BUSINESS (NOT) AS USUAL
TO PITT'S BOARD OF TRUSTEES--OR IS IT? J. WRAY CONNOLLY
EXPLORES CONNECTION BETWEEN BUSINESS AND ACADEME.
But beneath the placid exterior is a passion for achievement. Simply said, J. Wray Connolly does not suffer mediocrity or pretense. And so, in one of his first acts after his election as board chairman in 1995, he commissioned an outside evaluation of Pitt. The five-person evaluation committee, headed by academic consultant James Fisher, interviewed more than 200 people in preparing its 126-page report.
The findings prompted much debate in the community and in the media. Among the Fisher committee's recommendations were those of strengthening Pitt's admission requirements, streamlining the University's governance, and reinvigorating faculty and student morale. "The problems that were pointed out in the Fisher report are real issues," Connolly says. "But I can tell from the reaction from the community that there were no real surprises. Everything that was in there were things that we already knew or suspected or were concerned about."
And while the board has already taken action on many of the recommendations (including more stringent academic requirements for incoming freshmen and taking a second look at the University's governance), Connolly emphasizes that the Fisher report is only one part of the puzzle, "a single piece in a collage of information as we try to get a focus on where we were and where we're going." Not all of Fisher's recommendations will be implemented, including the suggestion to downsize the search committee for the new chancellor. "I'm certainly not going to disband the search committee now and start over," he says. But, despite these differences of opinion, the Fisher report was made public in its entirety--warts, successes, and all the rest. "I learned a long time ago that if you want to get a real perspective on your business, you need to go outside and get people who have no axe to grind and no benefit from telling a story one way or another," Connolly says. "And what we wanted is what we got--a no-holds-barred, call-it-like-you-see-it document. There was no attempt made to edit the results."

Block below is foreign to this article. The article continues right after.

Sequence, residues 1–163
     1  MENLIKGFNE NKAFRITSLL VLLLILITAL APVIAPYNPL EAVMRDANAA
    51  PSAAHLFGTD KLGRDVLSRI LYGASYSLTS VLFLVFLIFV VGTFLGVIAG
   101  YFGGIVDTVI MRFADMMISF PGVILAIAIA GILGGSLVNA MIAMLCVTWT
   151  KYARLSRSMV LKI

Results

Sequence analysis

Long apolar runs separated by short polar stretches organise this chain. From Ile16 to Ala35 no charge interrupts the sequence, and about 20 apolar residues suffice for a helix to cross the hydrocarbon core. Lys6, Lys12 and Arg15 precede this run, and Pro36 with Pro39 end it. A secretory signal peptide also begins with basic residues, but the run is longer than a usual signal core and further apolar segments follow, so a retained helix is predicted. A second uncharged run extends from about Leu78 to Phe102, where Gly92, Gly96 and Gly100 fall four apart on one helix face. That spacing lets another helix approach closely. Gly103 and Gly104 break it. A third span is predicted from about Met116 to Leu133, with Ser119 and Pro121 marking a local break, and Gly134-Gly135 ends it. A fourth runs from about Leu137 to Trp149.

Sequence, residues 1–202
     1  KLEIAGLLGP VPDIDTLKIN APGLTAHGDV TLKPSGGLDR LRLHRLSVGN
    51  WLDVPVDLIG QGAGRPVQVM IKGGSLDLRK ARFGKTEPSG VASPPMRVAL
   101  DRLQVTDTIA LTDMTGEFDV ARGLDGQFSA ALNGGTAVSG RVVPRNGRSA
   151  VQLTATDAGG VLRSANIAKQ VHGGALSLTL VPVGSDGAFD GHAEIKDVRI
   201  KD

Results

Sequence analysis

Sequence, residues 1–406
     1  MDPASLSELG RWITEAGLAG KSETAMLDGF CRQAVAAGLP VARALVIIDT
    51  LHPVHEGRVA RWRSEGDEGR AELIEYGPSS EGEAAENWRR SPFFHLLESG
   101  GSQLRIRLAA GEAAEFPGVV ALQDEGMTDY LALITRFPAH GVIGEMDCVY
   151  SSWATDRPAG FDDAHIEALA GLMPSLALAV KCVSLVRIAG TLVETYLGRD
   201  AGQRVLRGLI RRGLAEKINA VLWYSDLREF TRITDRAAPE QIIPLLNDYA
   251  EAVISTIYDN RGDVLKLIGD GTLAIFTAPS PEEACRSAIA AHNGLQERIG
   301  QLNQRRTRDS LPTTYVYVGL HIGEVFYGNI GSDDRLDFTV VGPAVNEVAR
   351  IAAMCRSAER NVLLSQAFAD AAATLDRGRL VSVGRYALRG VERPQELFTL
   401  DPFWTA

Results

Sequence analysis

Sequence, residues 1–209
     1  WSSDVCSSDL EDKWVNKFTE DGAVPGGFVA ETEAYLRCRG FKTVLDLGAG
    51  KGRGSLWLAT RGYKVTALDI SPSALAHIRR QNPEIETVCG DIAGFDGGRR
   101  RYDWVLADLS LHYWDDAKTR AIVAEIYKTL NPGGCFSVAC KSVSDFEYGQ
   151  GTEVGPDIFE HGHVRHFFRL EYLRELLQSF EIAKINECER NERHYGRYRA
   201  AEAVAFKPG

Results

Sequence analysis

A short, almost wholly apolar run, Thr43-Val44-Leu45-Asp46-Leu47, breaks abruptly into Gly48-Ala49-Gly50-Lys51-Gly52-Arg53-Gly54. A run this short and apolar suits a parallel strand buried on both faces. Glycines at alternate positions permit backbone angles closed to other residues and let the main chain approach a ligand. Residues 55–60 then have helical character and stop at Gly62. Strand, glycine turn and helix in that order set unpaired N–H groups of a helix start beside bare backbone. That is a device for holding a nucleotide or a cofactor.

Mixing business practices within the groves of academe might strike some as a bad combination. "There seems to be a feeling within the academic environment that there should be no similarity between an institution of higher learning and a business," Connolly says. "But I think there are a lot of similarities. Both have a mission, both have customers. Both need to be efficient and effective. Both need to be well organized and have a plan. And both have to maintain financial viability if they plan on furthering their cause. So I don't see a hell of a lot of difference between the two.
"We need to define what kind of student we want to turn out from this institution. These people are going to be earning their living in the twenty-first century. It'll be a very small world, a global economy, and we need to recognize that. And we will."